ETF 360: Q&A with ASYMmetric's Darren Schuringa

For this week’s episode of ETF 360, ETF Trends CEO Tom Lydon and CIO Dave Nadig spoke with Darren Schuringa, CFA, the CEO at ASYMmetric ETFs, who discusses the first ETF released by the company along with advice for clients dealing with risk management, and strategy.

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Schuringa brings up the ASYMshares® ASYMmetric 500 ETF (ASPY) right away, as it is the first ETF released by ASYMetric ETFs, and given the times the market is in, it’s a fund designed to provide protection against bear market corrections, as well as capturing the upside of bull markets.

“It’s great for investors who are looking to stay invested in the market while knowing they have some built-in protection,” Schuringa adds.

As far as ASPY being a disruptive tool of sorts, taking on a risk-on/risk-off position depending on how the market is performing, Nadig asks about the signals needed to show what to consider when accounting for risk. For Schuringa, he clarifies that ASYMmetric is driven by technology coming out of one of the biggest hedge fund seeds of 2015. Ultimately, it’s driven by proprietary priced-based algorithms, which look at the market’s price movements.

It may sound simple, but as Schuringa makes clear, “We’re focused on what the market is doing, and that’s telling us how we should be positioning the portfolio.”

For example, when market risk is rising, market prices are trending down, and volatility is spiking. So the solution is to reduce the portfolio exposure. This may be common sense, as Schuringa notes, but investors can only lose the money they have invested in the market.

With the technology ASYMmetric has, if the market wants to run higher, the idea is to follow the market’s up, as it’s about trends following strategy. However, what ASYMmetric is looking for is when the market breaks these trends. As explained previously, the effort is there to participate in a full bull market run while being protected in a fair bear market.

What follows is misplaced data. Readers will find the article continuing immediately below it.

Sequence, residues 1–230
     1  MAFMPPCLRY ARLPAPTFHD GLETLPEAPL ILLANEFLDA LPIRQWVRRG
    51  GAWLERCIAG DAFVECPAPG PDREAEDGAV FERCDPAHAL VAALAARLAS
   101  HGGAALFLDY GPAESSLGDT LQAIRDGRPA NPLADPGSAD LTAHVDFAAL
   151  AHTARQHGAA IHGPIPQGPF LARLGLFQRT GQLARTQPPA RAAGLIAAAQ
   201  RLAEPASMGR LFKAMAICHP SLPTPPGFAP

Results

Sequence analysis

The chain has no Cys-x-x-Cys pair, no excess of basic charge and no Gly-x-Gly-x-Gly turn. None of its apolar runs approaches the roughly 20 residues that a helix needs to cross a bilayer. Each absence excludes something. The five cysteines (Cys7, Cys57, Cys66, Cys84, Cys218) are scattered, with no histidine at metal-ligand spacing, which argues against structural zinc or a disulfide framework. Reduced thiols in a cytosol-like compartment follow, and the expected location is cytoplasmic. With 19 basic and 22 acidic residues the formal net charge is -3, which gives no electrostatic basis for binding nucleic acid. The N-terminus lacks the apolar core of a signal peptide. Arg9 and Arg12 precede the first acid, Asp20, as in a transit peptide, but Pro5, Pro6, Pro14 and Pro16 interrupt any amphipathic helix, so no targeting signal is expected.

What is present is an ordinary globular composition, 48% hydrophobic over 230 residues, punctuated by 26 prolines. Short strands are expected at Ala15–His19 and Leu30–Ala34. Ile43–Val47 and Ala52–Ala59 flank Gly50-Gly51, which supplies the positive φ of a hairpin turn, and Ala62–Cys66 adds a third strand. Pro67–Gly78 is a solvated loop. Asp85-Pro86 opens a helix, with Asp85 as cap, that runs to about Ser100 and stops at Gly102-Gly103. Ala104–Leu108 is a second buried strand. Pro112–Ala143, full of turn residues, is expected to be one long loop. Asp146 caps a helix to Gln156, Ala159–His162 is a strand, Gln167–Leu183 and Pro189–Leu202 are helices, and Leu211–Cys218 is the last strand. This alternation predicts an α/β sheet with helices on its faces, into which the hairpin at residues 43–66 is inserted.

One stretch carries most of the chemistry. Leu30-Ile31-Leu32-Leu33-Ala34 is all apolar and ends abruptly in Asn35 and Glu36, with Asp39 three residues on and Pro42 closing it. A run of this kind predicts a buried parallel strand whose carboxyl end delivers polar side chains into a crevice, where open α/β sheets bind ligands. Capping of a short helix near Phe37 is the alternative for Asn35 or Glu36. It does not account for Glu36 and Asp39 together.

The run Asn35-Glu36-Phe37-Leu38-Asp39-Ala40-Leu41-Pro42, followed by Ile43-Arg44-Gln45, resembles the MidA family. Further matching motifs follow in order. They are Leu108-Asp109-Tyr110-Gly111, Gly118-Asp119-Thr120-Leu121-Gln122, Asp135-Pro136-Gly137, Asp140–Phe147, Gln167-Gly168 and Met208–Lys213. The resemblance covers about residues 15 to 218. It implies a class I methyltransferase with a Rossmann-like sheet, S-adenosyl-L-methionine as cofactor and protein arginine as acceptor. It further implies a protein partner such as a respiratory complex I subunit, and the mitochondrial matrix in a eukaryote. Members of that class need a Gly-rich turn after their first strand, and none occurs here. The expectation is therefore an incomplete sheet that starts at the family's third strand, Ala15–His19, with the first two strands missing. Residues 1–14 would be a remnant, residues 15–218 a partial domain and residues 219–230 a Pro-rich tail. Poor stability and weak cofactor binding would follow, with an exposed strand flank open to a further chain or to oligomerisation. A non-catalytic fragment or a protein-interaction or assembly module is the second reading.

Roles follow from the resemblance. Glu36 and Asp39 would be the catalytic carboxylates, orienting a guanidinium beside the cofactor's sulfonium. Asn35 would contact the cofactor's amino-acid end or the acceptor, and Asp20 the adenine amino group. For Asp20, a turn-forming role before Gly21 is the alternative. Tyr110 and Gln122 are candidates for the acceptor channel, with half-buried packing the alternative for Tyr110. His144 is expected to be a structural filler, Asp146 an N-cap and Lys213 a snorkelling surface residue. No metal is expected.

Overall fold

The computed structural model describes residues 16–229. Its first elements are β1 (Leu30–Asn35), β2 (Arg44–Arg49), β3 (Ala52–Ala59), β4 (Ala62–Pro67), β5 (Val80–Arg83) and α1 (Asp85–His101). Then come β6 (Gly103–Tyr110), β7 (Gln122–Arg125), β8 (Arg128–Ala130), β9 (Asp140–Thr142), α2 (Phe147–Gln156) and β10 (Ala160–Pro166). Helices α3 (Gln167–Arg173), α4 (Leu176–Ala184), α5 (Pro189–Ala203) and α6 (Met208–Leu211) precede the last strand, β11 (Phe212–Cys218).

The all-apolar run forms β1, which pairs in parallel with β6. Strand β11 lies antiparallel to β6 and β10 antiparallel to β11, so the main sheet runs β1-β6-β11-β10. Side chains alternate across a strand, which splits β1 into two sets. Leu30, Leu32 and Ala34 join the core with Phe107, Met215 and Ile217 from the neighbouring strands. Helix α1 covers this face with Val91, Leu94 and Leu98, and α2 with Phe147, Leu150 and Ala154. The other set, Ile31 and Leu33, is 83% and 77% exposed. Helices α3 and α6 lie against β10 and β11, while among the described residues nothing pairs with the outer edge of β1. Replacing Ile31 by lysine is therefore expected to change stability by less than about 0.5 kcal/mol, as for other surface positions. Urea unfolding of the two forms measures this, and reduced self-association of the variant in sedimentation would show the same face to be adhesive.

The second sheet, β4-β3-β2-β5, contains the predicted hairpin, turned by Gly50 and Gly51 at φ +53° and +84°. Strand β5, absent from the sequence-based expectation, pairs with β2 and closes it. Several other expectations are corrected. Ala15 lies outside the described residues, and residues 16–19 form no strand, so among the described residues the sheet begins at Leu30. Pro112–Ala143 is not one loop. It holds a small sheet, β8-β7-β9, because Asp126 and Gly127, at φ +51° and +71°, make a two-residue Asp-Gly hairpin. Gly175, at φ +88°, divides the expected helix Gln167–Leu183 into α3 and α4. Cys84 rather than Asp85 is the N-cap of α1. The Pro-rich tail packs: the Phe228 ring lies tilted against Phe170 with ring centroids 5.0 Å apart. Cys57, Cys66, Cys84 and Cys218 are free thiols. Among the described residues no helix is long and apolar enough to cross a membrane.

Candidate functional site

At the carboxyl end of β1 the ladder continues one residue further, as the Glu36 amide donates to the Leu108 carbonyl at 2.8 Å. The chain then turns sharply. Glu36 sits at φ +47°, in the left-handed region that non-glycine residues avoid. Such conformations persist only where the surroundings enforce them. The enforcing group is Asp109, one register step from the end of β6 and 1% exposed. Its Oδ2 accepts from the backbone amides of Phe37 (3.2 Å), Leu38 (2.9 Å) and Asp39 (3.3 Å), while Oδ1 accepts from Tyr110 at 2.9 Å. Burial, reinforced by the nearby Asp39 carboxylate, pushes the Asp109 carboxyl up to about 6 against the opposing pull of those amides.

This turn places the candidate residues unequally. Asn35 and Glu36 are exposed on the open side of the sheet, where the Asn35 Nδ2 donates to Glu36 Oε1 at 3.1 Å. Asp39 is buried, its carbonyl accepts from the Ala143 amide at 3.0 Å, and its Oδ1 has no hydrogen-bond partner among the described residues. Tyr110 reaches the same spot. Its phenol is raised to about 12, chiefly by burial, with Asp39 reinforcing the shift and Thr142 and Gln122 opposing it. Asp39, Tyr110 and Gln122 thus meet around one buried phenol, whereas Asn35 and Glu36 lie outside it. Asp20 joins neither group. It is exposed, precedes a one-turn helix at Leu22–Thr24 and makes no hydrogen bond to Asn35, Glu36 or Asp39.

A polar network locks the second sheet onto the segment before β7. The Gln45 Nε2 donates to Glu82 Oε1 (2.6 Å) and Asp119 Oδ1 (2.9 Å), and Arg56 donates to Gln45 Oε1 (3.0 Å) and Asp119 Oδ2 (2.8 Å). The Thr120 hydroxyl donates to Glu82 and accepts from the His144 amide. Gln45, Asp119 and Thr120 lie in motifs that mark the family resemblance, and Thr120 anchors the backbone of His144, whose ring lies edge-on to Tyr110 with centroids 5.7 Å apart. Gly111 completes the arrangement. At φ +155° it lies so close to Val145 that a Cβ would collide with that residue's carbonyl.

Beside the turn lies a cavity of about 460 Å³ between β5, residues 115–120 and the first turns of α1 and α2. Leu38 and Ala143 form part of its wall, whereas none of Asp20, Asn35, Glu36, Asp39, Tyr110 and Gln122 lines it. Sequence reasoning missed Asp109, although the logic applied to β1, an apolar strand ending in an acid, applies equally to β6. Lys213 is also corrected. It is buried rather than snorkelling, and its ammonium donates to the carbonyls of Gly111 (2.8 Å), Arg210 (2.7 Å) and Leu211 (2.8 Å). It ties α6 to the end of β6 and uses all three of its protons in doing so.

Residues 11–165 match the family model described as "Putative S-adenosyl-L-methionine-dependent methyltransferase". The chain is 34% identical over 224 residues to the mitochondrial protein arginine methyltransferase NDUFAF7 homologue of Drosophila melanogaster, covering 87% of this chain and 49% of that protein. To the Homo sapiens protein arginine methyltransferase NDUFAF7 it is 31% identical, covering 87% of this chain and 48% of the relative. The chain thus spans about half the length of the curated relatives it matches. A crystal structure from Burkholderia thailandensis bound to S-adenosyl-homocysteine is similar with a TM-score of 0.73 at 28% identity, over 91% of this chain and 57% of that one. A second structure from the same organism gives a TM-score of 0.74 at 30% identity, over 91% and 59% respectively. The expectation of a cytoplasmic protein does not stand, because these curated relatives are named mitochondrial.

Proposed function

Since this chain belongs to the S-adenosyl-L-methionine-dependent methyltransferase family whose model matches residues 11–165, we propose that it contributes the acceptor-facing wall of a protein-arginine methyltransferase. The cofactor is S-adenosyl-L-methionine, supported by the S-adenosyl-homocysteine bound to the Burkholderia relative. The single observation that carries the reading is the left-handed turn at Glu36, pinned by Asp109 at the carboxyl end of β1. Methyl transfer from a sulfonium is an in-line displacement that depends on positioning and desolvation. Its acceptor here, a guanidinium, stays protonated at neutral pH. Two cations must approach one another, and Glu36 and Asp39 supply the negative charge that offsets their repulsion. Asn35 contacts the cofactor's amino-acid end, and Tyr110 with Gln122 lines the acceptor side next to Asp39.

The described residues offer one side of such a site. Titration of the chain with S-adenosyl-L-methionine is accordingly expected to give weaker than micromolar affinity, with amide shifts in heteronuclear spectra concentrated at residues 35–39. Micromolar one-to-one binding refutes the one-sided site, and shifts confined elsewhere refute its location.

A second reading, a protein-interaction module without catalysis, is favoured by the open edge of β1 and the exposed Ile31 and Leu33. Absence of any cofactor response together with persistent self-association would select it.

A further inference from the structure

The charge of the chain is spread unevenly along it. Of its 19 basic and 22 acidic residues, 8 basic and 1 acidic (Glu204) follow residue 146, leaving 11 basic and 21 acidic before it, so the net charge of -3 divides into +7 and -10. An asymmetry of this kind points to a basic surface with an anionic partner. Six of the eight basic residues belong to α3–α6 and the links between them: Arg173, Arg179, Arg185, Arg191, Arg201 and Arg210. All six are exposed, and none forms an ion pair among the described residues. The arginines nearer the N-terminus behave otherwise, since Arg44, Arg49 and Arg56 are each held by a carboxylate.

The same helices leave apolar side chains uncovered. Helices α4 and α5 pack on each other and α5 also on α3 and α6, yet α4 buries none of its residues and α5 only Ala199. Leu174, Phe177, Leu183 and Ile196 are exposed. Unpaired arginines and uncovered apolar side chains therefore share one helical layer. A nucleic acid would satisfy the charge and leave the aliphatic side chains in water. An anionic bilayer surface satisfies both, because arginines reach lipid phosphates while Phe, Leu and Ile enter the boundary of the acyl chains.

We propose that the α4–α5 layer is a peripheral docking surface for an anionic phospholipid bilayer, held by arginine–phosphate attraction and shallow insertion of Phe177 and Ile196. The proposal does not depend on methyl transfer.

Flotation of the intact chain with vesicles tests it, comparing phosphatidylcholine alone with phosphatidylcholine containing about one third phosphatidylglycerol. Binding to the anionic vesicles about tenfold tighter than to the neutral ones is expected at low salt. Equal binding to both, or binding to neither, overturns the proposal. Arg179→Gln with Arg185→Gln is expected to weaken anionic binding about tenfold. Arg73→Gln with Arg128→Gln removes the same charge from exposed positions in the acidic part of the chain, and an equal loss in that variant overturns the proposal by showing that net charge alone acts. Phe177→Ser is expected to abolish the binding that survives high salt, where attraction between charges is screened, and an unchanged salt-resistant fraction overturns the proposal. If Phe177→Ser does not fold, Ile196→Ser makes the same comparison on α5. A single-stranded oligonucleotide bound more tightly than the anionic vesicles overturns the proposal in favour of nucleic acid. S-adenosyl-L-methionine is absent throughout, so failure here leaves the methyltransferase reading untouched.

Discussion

“We’re removing the human element. We’re systematically managing net exposures in the portfolio because we can be our own worst enemy,” Schuringa adds.

He goes on to explain how the technology is there to adjust appropriately to take away the qualities had by humans that function on some basic emotions, which can come at a cost. It’s really all about finding the best way to profit. That’s the purpose of ASPY.

Looking back at how COVID-19 initially hit the market, leading to a drop to 24% in March 2020, ASPY was able to go into a risk-elevated position, which explained that there was a lot of uncertainty in the market, meaning it was market neutral. So, when the drop occurred, investors in ASPY found themselves to be flat for the month, putting them up 10 basis points. Thanks to the signals of the fund, investors’ capital was protected from the worst of COVID, which is the kind of best-case scenario one would hope for.

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